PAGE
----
This is implying that sound quality is subjective which is untrue. You can objectively prove one speaker sounds better than the other until you hit the higher end of the market.







    Nope. You've conflated "accuracy" with "sound quality". They are most certainly NOT the same thing. Accuracy can be measured, analyzed and graded. Even with accuracy, there may still be some areas of disagreement, for example one model might reproduce 10k+ more accurately, while another reproduces bass more accurately.



    But overall sound *quality* is inherently subjective. And because it's subjective, people's opinions are influenced by marketing. Do you really think kids think their Beats headphones are crappy, but they look cool? No, they think the sound is awesome. And to them, it is. If you give them a pair of $5k reference headphones some of these kids will tell you it sounds like crap, simply because it's not the kind of sound they like.



    Sorry, musical taste is subjective, but audio reproduction is hard science.  You've conflated "sound quality" with "how you feel about what you're hearing".  Sound quality, when evaluating reference gear like headphones, is defined by the gear's "accuracy".  For audio professionals, accuracy is a very important variable measured and quantified as precisely as possible.  Further, it doesn't matter how complex the sounds are, if something is broken at 10k, it's going to broken for all audio at 10k.  This is all independent of consumers and "audiophiles" convincing themselves whether or not they like something.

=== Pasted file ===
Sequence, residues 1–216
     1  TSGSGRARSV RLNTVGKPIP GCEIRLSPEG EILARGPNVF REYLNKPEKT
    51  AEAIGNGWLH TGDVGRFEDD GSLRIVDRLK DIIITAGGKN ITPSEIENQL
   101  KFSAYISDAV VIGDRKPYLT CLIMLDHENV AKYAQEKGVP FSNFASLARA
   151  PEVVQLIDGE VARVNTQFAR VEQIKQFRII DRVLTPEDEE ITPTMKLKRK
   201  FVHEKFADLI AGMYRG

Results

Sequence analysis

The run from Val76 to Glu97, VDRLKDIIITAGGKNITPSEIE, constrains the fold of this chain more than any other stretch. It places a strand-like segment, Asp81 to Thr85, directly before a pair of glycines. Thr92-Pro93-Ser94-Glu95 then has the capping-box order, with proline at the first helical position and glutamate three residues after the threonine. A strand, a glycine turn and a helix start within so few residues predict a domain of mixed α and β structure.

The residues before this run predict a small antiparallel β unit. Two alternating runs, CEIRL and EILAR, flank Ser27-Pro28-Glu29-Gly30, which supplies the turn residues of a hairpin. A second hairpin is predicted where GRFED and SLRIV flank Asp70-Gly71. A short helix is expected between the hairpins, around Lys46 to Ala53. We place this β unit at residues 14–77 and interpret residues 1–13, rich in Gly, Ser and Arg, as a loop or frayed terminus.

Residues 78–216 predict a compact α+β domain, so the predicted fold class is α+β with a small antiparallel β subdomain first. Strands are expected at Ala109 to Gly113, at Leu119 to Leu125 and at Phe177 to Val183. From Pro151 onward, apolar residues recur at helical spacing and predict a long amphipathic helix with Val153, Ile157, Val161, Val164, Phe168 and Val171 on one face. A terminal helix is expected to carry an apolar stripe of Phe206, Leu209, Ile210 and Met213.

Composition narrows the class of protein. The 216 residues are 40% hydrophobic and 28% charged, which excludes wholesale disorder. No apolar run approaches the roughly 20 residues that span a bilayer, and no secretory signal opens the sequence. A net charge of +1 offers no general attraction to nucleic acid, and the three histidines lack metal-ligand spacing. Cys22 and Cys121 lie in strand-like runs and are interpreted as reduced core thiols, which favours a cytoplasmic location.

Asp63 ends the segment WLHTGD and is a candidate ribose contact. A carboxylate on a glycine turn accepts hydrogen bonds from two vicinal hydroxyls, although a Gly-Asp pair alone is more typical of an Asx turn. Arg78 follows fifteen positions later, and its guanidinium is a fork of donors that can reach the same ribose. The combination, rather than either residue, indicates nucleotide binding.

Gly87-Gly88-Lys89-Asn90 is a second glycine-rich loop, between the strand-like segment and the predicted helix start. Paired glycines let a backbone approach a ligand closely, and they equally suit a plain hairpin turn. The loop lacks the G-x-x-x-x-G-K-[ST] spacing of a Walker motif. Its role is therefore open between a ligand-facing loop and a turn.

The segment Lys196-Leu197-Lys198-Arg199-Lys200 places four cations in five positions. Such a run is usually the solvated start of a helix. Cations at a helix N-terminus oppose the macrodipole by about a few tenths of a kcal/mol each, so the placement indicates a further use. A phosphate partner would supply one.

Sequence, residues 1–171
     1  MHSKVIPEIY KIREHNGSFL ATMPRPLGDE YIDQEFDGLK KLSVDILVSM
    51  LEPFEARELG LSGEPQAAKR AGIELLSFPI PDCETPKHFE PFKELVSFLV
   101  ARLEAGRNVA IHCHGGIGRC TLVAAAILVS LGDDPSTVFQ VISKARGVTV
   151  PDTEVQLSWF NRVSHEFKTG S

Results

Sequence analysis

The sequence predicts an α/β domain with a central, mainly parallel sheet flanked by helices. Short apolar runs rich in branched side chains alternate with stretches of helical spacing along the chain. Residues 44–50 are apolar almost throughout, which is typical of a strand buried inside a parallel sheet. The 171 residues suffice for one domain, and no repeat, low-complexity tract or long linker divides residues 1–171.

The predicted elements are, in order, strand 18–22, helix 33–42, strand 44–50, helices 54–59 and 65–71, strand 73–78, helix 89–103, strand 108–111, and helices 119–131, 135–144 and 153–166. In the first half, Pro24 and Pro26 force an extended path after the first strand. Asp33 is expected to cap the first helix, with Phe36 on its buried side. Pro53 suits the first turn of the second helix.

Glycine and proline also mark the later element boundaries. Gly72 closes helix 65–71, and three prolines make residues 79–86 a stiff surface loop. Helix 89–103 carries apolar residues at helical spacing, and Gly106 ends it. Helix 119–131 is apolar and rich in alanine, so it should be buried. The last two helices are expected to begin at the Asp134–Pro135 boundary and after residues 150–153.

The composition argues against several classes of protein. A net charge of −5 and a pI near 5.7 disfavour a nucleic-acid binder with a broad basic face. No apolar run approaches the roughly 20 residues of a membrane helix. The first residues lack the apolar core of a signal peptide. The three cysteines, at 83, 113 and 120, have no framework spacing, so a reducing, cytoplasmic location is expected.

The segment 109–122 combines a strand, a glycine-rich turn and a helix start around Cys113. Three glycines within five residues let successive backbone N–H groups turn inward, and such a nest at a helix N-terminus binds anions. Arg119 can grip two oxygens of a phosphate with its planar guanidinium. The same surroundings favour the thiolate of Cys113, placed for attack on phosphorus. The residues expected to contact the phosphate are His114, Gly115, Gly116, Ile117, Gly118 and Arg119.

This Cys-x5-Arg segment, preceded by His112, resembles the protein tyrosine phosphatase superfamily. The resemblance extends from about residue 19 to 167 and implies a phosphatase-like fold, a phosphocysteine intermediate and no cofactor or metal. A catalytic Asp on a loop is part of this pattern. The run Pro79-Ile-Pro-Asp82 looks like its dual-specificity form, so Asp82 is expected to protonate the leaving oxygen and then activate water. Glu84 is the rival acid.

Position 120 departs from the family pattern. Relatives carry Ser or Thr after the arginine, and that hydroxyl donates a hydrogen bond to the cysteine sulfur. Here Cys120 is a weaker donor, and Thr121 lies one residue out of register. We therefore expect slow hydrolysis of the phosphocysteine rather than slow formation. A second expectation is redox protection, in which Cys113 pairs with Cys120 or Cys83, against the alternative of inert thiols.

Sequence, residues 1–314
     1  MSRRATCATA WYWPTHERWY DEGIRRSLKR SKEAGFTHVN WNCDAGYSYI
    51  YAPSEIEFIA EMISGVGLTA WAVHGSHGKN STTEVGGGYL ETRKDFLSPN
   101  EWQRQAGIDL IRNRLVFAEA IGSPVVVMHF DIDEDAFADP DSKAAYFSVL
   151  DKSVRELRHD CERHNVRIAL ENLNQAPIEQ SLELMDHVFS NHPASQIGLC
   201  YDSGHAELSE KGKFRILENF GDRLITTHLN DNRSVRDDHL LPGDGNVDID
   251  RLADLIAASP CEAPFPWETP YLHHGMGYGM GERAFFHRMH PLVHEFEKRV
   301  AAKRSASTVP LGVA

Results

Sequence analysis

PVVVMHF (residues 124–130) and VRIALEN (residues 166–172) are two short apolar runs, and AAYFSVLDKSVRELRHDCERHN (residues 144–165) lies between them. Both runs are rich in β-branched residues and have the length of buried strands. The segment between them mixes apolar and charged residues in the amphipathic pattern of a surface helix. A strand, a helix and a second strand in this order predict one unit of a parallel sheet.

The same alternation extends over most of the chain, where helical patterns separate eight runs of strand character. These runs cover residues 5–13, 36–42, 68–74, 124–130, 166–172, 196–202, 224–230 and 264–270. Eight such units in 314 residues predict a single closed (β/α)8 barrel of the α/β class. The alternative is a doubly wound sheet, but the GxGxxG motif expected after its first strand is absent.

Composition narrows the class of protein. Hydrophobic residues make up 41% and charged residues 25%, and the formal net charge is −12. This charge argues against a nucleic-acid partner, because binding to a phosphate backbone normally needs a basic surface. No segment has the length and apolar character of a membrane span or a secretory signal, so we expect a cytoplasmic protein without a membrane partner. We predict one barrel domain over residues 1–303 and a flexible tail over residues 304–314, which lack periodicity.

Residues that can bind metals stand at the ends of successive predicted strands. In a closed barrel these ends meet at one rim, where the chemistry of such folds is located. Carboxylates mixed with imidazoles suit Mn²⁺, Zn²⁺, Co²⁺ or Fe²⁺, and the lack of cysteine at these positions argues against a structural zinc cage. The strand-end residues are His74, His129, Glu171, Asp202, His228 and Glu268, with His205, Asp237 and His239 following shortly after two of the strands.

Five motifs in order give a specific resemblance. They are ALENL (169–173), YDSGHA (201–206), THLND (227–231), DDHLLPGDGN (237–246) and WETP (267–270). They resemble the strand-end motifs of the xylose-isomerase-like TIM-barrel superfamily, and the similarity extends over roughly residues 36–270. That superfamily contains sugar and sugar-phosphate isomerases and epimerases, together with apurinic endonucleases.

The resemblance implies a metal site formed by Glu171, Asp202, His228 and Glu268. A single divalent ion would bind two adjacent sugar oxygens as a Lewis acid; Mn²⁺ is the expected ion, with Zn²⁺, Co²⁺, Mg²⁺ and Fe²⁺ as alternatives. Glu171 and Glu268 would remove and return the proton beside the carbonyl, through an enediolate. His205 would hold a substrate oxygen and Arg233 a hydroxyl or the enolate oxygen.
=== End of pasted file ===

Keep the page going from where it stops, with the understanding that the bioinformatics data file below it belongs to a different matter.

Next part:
And those $5k reference headphones also sound like crap, because ALL headphones sound like crap.  Their design and primary task is inherently for isolation, not reproduction.  It's not possible to adequately reproduce lower register frequencies with speakers small enough to mount on your head.  Often silly psychco-acoustical tricks are used in headphone designs to fool consumer and "audiophile" dims into thinking there's "bass".  However, by missing an important chunk of the usable audio spectrum, headphones are automatically inferior for audio reproduction. This is not subjective, just physics.

  • Reply 63 of 70